If wind towers are built, eagles will die. It makes no difference whether the height of the towers are 400 feet or 100 feet. The U.S. Fish and Wildlife Service reports that spinning blades create what is termed “motion smear” due to the inability of the birds’ retina to process high speed stimulation, causing the whirling blades to appear deceptively transparent to the approaching bird.
The use of lattice towers only compounds the problem, as was the case with their use at the Altamount Pass in California where the birds were attracted to the lattice as places to perch.
According to the Highland eagle survey team, Snowy Mountain is an active area for golden and bald eagles – a fact to which I can attest since I have a farm in that area. Besides spoiling the view shed by building a wind tower in that area, it places the birds and bats at a definiterisk. The fact that a wind tower is for residential use does not exempt them from complying with such federal laws as the Endangered Species Act or the Bald and Golden Eagles Protection Act.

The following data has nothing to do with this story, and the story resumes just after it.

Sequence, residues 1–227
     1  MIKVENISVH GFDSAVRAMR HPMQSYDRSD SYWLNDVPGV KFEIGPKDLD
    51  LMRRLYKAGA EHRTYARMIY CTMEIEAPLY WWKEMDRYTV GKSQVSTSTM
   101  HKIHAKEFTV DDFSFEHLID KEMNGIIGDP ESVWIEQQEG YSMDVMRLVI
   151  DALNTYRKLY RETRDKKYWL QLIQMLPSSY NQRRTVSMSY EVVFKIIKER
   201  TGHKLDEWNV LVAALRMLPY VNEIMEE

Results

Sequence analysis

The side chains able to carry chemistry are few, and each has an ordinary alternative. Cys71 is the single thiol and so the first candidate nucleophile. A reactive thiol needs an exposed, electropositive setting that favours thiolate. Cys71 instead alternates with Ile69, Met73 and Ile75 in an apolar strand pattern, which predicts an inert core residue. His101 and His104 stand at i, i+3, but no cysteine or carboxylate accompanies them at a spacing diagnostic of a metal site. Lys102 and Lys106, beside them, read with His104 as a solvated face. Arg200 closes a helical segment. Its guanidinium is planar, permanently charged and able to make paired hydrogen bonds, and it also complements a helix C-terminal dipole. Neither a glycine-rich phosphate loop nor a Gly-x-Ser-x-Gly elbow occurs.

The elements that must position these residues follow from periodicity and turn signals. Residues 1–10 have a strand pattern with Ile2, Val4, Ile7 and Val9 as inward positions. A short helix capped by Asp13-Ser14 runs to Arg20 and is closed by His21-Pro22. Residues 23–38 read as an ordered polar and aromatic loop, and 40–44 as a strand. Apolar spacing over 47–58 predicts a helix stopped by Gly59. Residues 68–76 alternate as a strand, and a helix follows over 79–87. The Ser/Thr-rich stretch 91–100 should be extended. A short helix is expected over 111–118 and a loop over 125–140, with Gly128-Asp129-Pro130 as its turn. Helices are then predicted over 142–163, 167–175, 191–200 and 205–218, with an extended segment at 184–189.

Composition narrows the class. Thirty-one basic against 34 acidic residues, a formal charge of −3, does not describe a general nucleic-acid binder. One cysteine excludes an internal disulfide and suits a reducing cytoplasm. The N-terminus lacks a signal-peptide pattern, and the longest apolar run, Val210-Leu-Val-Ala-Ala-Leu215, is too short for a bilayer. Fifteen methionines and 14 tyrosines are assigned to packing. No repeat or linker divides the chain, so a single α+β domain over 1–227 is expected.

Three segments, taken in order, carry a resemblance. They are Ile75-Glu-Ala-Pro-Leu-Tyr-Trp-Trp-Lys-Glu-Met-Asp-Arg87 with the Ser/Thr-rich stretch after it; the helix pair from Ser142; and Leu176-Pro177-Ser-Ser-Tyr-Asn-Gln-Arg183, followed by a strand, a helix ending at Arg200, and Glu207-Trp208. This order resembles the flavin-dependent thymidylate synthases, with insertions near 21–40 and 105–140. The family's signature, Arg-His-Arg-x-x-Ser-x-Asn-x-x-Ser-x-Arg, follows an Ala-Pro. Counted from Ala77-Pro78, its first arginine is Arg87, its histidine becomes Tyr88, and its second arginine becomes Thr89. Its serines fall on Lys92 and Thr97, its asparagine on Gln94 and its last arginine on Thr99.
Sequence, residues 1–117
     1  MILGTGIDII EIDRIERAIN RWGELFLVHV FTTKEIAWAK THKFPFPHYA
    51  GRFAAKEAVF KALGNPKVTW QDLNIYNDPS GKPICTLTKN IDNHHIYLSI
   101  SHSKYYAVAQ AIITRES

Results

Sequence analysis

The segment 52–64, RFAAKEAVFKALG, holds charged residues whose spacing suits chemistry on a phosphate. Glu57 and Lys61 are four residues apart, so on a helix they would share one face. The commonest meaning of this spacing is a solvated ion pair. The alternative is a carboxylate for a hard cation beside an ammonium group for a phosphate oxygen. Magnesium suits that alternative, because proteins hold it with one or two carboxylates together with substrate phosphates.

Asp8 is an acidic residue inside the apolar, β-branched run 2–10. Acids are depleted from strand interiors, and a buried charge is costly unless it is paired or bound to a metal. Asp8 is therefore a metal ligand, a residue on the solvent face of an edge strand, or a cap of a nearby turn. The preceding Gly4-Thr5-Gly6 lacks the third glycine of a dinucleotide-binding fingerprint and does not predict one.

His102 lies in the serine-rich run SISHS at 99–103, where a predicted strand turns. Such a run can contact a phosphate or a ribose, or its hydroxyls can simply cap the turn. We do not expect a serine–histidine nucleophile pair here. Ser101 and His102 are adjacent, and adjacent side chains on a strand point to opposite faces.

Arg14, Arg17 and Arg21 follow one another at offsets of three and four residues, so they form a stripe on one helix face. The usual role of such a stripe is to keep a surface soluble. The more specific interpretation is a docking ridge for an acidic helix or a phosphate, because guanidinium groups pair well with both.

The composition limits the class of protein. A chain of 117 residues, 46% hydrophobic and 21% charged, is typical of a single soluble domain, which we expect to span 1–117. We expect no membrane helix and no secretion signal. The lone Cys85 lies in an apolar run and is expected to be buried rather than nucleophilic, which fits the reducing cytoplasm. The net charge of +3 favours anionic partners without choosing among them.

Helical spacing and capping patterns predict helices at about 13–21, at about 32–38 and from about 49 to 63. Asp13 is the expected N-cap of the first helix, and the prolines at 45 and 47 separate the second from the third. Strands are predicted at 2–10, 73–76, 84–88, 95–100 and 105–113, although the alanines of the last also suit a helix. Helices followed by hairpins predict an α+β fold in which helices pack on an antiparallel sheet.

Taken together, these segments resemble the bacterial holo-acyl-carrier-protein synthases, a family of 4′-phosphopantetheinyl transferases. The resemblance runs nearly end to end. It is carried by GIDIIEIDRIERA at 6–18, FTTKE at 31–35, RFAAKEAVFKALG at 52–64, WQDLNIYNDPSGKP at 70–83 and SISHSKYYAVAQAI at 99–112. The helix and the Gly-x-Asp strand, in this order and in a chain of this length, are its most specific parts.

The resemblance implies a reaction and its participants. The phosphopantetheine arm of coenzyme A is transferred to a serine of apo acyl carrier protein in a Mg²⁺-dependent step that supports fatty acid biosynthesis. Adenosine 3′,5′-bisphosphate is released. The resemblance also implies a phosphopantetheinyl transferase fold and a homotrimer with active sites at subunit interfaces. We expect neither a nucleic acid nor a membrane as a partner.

It is the duty of the board of supervisors to protect the natural environment. Such a residential wind tower could be the first step down a slippery slope, leading to a domino effect where no one will have an unsullied view of the mountains. Even with an incidental take (kill) permit, in the absence of a verifiable monitoring system for mitigating the kills, it is likely that the remaining eagles and other protected species would be decimated.
The board of supervisors would be well advised to consult the U.S. Fish and Wildlife Service regarding this issue before granting permission to build.
Orren L. Royal, M.D.M.S. (Biology)
Capt. (MC) USN (Ret.)
10 April 2008
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